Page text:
However, in countries comparatively less developed or with limited resources such as Malaysia mass-media campaign efforts have been sporadic, short-lived and lacked rigorous evaluation [24, 25]. There is a need to design a research-informed and culture-sensitive programme to improve awareness about cancer warning signs and to encourage early detection, downstaging of the disease and better treatment outcomes [2628].

Aims

Our main aim is to develop and evaluate a mass media campaign to raise awareness about Colorectal and Breast Cancer that is theoretically informed, evidence-based and culturally appropriate for Malaysia.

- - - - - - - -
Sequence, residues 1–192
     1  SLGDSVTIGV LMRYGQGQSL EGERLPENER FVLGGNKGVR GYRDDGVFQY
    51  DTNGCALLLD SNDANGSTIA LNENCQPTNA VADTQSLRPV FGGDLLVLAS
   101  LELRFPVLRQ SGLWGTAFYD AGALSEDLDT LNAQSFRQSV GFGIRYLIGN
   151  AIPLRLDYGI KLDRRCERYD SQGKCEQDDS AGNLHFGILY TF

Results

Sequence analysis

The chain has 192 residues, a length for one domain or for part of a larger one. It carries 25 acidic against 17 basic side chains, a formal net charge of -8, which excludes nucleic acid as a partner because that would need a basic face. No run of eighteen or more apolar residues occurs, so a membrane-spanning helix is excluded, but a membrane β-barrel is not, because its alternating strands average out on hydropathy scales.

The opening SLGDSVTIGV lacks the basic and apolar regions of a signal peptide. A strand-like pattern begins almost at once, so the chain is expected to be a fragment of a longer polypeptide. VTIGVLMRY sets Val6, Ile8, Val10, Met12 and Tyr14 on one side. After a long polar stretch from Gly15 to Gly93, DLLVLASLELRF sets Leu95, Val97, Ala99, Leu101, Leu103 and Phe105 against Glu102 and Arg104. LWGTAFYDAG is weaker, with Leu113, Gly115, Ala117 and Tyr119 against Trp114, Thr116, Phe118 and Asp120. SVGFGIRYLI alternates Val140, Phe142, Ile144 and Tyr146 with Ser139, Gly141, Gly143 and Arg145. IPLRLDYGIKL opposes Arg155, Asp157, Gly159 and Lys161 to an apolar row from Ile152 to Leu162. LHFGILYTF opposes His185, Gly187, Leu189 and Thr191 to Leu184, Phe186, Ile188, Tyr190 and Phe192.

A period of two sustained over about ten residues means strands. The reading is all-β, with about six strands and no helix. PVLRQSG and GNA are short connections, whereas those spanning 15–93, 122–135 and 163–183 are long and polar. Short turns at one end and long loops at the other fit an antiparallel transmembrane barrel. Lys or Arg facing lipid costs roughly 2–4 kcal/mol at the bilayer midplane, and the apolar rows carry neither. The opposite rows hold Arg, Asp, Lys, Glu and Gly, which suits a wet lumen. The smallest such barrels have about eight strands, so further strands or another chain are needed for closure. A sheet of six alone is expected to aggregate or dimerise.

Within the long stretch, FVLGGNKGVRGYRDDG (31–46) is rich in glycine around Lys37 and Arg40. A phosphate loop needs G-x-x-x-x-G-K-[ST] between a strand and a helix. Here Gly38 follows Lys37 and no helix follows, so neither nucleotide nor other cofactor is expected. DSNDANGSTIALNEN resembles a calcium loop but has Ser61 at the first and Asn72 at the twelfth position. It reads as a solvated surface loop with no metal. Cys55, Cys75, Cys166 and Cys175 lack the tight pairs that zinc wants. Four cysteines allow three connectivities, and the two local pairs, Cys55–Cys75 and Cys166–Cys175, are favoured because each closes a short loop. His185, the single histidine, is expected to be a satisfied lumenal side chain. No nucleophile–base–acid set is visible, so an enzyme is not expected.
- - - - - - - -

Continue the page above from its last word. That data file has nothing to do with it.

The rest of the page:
The specific objectives are to:
  1. 1.

    Develop a culturally-sensitive cancer awareness raising programme for Malaysia and organise its implementation

     
  2. 2.

    Design the evaluation framework and identify the evaluation metrics

     
  3. 3.

    Test the appropriateness, acceptability and feasibility of the programme.

     
  4. 4.

    Evaluate the impact of the programme to increase knowledge of signs and symptoms of BC and CRC as well as attitudes and beliefs about the two cancers.

     

The primary hypothesis is that promoting public awareness of cancer warning signs and symptoms and stressing the value of early presentation will result in down staging of cancer, an increased likelihood of receiving potentially curative treatment for patients leading to improved survival rates and better quality of life.

Methods and design

Promoting awareness of Cancer and early detection initiative (PACED)